A report in 2011 estimated that cruise ship passengers spent 180.33 million euros (or 112.09€ per person) in the Balearic Islands of which 55.3% was in shops. The rest (44.7%) was spent on travel agencies, bars and restaurants, transport and accommodation.
– Smart city: The Palma Smart City / Smart Destination master plan was approved in 2013 with the objective of converting Palma into the first intelligent tourism destination by 2020. This involves providing high quality free wifi in the areas of Palma most visited by tourists.
– Palma Active: This is Palma City Council’s local development agency. Its mission is to promote an economy that generates stable, quality employment; and to promote work and business training in Palma. Its vision is to be recognized as a development agency with strong leadership and a driver of economic and social prosperity for all. It has adopted the city council’s motto: “Thinking about you”. The agency is located in the Sa Gerreria neighbourhood of Palma. It provides: employment/recruitment opportunities; training courses; business mentoring programmes; office space; networking opportunities; and grants and economic support. It also supports the Palma Film Office.
WASTE MANAGEMENT AND RECYCLING
Annually, Palma generates some 200,000 tons of waste. Waste is either recycled or incinerated depending on the container in which it is deposited. EMAYA (the Municipal Water and Sewage Company) publishes monthly waste statistics. Currently, approximately 80% of waste generated is incinerated. However, much of this waste could actually be recycled. This includes: plastic and metal packaging, paper and cardboard, glass, organic matter, oil and clothes. The goal is, through education, for 50% of waste to be recycling by 2020.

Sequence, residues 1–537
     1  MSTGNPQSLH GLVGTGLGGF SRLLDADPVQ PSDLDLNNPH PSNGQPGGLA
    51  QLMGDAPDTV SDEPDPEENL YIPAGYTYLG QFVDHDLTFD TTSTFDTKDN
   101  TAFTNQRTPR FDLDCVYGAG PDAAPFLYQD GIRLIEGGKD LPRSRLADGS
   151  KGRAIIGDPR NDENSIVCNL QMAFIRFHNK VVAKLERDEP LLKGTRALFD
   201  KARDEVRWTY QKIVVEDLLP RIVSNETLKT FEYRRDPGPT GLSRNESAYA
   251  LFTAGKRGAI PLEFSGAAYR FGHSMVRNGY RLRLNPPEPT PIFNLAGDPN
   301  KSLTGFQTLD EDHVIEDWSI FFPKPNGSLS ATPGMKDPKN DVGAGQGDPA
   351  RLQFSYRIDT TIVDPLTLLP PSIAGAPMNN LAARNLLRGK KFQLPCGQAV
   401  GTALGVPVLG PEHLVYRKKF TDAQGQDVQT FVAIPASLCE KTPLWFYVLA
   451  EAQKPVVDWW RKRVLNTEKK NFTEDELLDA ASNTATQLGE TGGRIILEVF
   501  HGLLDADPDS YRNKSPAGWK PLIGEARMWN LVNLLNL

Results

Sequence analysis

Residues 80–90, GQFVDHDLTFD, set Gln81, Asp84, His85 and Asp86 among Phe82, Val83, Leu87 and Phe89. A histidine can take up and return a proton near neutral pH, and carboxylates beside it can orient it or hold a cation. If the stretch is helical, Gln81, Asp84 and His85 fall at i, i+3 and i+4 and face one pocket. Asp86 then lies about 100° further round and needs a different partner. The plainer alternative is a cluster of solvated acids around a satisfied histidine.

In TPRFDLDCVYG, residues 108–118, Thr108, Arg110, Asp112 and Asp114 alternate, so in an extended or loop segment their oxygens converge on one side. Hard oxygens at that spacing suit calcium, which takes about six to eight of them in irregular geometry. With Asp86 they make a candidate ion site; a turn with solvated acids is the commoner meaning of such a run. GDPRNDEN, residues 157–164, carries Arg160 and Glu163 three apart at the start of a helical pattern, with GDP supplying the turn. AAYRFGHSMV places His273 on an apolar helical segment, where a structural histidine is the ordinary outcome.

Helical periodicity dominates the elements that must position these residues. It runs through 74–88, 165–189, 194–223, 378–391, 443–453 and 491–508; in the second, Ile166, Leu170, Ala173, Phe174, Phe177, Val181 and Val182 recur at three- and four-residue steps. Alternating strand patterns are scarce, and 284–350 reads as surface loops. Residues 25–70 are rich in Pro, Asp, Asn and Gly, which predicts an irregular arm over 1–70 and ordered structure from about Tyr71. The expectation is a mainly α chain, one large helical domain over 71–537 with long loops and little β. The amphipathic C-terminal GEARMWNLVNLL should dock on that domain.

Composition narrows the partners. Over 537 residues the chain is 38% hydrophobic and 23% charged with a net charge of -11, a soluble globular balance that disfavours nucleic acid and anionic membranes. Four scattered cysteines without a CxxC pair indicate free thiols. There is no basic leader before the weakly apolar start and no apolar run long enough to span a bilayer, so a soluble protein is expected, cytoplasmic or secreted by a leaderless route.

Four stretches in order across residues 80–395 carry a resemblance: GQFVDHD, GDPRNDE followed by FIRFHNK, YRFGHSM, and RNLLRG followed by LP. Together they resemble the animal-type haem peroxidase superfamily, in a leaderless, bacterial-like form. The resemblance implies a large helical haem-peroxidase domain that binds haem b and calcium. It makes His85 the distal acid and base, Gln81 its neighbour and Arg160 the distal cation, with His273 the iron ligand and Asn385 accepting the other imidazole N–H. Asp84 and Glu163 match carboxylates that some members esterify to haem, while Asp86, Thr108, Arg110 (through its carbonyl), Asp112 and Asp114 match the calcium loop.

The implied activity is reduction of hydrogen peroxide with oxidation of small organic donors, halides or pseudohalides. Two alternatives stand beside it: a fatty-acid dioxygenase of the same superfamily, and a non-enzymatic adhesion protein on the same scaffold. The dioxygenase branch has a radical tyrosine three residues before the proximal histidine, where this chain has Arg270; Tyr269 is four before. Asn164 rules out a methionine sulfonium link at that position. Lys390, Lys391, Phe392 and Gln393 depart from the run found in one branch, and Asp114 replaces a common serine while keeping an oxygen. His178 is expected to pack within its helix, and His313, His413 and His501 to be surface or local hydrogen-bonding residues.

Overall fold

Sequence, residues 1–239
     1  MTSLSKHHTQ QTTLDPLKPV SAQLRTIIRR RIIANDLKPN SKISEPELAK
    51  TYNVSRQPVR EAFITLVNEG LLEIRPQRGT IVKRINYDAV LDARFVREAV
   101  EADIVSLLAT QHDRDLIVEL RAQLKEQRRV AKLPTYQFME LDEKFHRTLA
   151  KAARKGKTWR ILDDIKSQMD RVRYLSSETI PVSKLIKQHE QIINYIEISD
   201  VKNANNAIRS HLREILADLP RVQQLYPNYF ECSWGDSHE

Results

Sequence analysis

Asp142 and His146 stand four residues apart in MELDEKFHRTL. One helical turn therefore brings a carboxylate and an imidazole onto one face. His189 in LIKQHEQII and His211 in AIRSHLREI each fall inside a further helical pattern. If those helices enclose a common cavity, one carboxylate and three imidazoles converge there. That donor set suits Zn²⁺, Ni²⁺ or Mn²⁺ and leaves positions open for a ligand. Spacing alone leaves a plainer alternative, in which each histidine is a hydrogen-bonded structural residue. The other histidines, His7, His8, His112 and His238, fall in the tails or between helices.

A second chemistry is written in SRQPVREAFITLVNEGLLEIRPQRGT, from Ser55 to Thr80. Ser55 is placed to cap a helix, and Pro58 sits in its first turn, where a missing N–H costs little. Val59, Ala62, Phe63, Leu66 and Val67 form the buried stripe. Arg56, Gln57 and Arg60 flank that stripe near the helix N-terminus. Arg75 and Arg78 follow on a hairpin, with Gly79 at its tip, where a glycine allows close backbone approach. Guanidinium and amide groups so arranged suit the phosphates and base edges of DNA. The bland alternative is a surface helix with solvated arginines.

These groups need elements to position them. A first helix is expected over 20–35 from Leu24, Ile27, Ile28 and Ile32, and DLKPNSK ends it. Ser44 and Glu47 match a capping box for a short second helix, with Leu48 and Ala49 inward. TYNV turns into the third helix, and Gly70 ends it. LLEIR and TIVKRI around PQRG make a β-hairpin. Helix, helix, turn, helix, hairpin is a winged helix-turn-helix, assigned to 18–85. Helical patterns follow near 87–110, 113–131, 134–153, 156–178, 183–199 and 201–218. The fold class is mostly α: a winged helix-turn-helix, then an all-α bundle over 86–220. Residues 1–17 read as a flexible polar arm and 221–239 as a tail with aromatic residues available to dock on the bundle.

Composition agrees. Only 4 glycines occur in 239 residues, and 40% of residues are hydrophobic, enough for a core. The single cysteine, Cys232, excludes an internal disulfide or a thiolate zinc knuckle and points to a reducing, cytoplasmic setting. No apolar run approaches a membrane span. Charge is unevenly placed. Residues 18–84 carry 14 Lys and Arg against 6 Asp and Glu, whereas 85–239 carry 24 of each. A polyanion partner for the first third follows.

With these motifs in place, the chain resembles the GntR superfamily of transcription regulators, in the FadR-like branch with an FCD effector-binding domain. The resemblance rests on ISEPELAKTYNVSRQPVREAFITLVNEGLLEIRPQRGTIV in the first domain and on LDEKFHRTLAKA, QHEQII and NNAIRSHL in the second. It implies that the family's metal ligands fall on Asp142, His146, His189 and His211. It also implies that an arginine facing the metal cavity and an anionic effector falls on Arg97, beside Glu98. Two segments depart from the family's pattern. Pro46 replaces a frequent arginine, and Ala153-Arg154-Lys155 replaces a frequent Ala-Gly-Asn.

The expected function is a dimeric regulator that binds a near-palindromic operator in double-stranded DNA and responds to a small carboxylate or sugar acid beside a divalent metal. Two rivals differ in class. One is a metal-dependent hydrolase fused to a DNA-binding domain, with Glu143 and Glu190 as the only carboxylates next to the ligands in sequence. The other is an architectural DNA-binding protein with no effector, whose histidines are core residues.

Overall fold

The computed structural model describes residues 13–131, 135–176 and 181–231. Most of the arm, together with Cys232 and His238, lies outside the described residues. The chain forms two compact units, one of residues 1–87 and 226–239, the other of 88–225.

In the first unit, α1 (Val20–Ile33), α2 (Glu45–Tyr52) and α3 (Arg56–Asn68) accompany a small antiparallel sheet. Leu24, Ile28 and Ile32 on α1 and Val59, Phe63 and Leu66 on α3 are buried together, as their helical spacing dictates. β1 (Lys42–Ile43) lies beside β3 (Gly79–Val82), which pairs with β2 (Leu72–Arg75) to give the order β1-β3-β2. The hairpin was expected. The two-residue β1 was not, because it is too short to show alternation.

The study involves a visit to Palma to look at how successfully the city is becoming sustainable. The visit can consider all or some of the six key aspects of sustainability (AT-CREW).
Both quantitative and qualitative primary data will be collected by the students. Quantitative techniques can include mapping and questionnaires. Qualitative techniques can include questionnaires, interviews, observations and photography.
Qualitative and quantitative secondary data can be requested. This includes: transcripts of interviews with members of different stakeholder groups; historical photographs, maps and newspaper reports; data and graphs regarding demographics, employment and transport.
Students will be assisted in designing a study that allows data to be collected in order to investigate and answer a research question. Possible research questions are:
- How successful has Palma been in becoming a sustainable city?
- What more can the council do in order to make the city more sustainable?
- Is the participation of local people necessary for sustainability? If so, in what form should it take?
- Who are the stakeholders in the sustainability process?
- What are the impacts (both positive and negative) of sustainability for the stakeholders?
- What are the benefits to Palma of becoming a sustainable city?
- How important is sustainability with regards to local development?
- How can Palma achieve sustainable tourism?
- How can the city identity be maintained while attracting sustainable tourism?
- How can Palma ensure revenue is generated without affecting the communities withink the city?
- How can things be improved for local residents and local businesses?
- What strategies can be used to reach the carrying capacity for tourists while at the same time minimizing conflicts between tourists and local people and avoiding environmental damage?
- Is there a relationship between the resident population and economic activity?